SBI Study Group April 30, 2011
“Genuine Happiness” (notes based on teachings given by Dr. B. Alan Wallace)
First Meditation Session: Shamatha Medley into Open Presence
PART IV: Exploring the Nature of Consciousness
Review Chapter 13, “Nighttime Dream Yoga”
1. Fall asleep in sleeping lion posture and practice either of three modes of shamatha: focusing on tactile sensations in full body awareness OR resting awareness in domain of mental perception as in settling the mind in the natural state OR resting awareness in itself without reference to any object, in the primordial knowledge of simply being aware.
2. When you first wake up, don’t move, and reflect on dream just experienced
a) who was I (myself or another, gender, species)?
b) what was I doing?
c) what was the environment, where was I?
d) who did I engage with—human/non-human/animal?
e) what was the emotional feeling of the dream—bored, happy, sad, fearful, sensual?
f) review the journal before sleeping to assist recognizing dream signs
a) ordinary dream signs—recurring person or activity
b) anomalous dream sign—weird or strange occurrence but not impossible, or having an emotional response that is too weak or strong for the content of the dream
c) outrageous dream sign—totally outrageous and not possible in waking
5. During waking, create a habit of cultivating a critically reflective attitude, do a state
check whenever an anomaly occurs, and critically analyze the reality of the waking state—
this is the key difference between “lucid dreaming” and “dream yoga”. The latter cultivates
wisdom awareness, or insight into the true empty nature of reality. Make a habit during the
day to ask yourself if you are dreaming, mindfully not forgetting what we intuit (as
our working hypothesis) to be primordially true.
6. Actively cultivate prospective memory—task of remembering something in the future, i.e.
when this happens (a dream sign) I will recognize it and I will do a particular action , like
jump up and down OR saying, “tonight when I dream, I will know that I am dreaming.”
7. Visualization from Tibetan Buddhism as we fall asleep: 1) red bindu at throat charkra, or blue
bindu at heart charkas, with or without seed syllables; 2) deity visualization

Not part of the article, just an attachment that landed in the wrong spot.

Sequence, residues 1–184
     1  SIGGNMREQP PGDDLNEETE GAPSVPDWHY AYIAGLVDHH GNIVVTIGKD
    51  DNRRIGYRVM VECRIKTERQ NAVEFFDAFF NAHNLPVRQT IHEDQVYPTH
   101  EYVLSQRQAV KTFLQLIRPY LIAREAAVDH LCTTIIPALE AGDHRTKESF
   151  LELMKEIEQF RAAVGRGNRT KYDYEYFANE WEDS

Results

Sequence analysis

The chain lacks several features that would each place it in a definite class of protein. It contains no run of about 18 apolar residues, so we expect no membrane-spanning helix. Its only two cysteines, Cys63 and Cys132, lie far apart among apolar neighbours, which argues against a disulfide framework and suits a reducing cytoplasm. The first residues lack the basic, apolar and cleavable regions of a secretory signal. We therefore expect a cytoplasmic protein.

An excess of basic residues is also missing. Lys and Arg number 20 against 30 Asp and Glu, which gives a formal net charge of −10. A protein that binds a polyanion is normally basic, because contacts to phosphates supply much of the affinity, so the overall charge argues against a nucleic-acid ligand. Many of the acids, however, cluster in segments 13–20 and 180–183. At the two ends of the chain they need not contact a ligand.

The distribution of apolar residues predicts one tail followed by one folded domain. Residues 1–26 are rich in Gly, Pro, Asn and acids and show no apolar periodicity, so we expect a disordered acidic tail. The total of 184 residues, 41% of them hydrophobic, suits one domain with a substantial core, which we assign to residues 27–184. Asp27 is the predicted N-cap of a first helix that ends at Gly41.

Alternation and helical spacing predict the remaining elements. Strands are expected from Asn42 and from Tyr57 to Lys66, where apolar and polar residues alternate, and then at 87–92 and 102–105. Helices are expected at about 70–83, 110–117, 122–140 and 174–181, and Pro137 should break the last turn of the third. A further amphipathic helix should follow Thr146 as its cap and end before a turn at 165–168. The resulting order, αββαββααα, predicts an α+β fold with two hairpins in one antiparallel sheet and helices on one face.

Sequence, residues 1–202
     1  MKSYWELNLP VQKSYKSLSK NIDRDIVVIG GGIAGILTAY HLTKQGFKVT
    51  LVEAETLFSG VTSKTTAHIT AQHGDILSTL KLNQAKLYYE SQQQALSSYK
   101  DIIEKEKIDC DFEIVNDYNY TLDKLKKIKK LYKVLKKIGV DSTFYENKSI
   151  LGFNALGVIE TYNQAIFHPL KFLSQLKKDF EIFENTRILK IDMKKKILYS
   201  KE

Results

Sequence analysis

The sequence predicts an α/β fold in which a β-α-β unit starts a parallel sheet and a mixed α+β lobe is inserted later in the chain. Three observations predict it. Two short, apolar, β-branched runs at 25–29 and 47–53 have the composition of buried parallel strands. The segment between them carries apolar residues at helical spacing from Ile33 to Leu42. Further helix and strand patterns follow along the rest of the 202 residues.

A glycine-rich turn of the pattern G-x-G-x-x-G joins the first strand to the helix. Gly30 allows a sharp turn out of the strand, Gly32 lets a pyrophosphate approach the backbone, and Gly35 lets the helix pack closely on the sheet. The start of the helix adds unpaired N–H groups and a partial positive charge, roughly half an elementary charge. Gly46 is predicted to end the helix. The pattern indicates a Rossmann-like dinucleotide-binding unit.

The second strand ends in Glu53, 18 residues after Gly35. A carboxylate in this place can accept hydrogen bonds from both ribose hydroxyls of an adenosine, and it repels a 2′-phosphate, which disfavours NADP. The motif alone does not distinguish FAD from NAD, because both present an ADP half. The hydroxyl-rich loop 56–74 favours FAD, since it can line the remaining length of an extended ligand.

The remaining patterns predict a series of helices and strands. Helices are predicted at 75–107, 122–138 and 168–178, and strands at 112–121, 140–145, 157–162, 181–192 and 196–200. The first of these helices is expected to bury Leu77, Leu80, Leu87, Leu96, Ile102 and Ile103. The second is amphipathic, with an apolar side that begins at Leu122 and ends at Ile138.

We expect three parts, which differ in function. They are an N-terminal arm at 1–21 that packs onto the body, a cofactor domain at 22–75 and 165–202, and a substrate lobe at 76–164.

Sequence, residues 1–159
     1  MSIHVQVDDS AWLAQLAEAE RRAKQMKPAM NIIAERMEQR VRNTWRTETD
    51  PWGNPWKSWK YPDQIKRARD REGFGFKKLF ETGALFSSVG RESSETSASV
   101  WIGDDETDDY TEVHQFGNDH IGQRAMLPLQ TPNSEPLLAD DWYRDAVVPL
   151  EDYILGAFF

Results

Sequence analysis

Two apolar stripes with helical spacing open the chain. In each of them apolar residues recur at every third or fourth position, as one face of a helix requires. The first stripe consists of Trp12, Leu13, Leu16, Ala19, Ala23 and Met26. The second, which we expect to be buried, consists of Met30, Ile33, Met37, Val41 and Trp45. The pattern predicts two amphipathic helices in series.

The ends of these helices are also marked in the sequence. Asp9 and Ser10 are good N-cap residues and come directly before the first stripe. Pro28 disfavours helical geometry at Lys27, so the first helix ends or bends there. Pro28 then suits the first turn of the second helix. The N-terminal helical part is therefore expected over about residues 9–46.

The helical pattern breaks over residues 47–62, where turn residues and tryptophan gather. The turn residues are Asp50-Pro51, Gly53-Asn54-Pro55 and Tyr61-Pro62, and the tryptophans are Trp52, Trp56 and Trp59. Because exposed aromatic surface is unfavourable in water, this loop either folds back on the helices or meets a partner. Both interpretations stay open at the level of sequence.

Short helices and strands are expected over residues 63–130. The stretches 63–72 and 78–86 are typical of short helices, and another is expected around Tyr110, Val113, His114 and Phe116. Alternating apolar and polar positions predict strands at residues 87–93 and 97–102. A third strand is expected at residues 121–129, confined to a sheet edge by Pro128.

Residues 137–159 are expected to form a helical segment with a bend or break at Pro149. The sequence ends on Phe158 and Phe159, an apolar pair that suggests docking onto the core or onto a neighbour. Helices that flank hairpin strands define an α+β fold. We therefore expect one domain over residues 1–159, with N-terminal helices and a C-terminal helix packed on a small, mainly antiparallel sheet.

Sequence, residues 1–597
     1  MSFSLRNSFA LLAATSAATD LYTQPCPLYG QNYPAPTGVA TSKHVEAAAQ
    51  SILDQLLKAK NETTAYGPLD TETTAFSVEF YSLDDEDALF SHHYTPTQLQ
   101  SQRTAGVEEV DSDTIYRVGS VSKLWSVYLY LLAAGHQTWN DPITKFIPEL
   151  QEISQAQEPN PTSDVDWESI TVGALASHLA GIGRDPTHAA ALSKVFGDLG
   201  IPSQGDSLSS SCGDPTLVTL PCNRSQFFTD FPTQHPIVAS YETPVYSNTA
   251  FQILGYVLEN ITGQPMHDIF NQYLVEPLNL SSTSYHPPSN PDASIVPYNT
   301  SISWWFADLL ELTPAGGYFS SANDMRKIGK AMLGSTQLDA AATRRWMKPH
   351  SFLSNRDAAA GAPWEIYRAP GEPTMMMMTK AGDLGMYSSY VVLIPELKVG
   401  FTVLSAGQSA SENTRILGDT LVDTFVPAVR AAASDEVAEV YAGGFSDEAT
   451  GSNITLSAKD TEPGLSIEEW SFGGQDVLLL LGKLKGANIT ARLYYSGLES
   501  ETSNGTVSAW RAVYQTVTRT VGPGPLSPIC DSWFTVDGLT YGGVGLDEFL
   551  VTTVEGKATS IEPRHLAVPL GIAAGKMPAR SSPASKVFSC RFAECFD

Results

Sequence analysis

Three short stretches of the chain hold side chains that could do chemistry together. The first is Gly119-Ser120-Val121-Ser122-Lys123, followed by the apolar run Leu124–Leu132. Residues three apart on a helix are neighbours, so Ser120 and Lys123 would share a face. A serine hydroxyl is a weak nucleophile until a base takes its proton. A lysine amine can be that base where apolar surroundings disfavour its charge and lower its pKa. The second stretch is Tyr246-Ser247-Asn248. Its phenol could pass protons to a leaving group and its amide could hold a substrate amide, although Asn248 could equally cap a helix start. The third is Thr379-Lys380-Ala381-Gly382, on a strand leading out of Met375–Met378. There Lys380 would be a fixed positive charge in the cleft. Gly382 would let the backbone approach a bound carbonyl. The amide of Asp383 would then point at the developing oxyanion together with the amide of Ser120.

1. Recognizing the dream and sustaining lucidity. If lucidity starts to fade, fill awareness with
stimuli—spinning, giving yourself a rubdown, etc.
2. Transforming the dream—become a shape shifter, i.e. old into young, this into that, one into
many, small into large, etc. and recognize the gradient of objective and subjective reification that resists change.
3. Seeing through the dream—dredging the substrate consciousness, negative habitual propensities bound to arise, and as they do, recognize their empty nature and with no fear, relax and release identification with dream body and allow the “negativity” to be experienced lucidly.
4. lucid dreamless sleep—release dreaming completely and simply be aware of being aware while body is sound asleep, resting in awareness itself.
Chapter 14, “The Great Perfection” – establishing the view of apprehending reality
To realize the latter, must recognize empty nature of all samsara and nirvana and perceive appearances as displays of rigpa. To access substrate, you withdraw the mind into its individual ground in shamatha; to access rigpa, you open awareness to the “one taste” of all phenomena in open presence.
Second Meditation Session: Awareness of Awareness into Open Presence
Dedicate Merit with traditional Prayer of Dedication:
“Wherever the precious, supreme spirit of awakening, bodhichitta, has not arisen,
may it arise,
And where it has arisen, may it never decline, but grow stronger and stronger.”
May what we have studied and practiced here today be of genuine benefit,
May we each realize the fulfillment of our most meaningful aspirations for the sake of our own enlightenment and for the enlightenment of all sentient beings, and
May all beings be well and happy.
Next SBI Study Group is Saturday, May 28th, and suggested reading is Part IV, Chapter 14 , The Great Perfection, pp. 197-215. All are invited to join weekly meditation practice at Unity Church Sanctuary every Monday evening, 7-8:15 p.m , 227 East Arrelanga St., Santa Barbara
First Meditation: Shamatha Medley into Open Presence
1. Be physically comfortable, assume formal posture for meditation. If seated, spine is straight, sternum slightly lifted, abdominal muscles relaxed and loose. Especially relax the shoulders, the neck, face, and particularly soften the eyes, release the jaw, and allow the tongue to gently rest up against the upper palette.
2. Let entry into this practice also be an act of loving kindness to ourselves as we set a welcome mat of ease and letting go, and gently settle the body in its natural state imbued with a balance of the 3 characteristics of relaxation, stillness and vigilance of attention.
3. Begin by taking three deep cleansing mindful breaths and then settle the respiration in its natural rhythm.
4. Before venturing into formal practice, begin by consciously bringing forth most meaningful motivation for practice, our highest aspiration, and connect this to our practice here today, as we take refuge in the three jewels of enlightened Buddha mind, enlightened buddha speech—dharma, & enlightened buddha body—sangha, for the sake of our own genuine happiness of for the true happiness of others.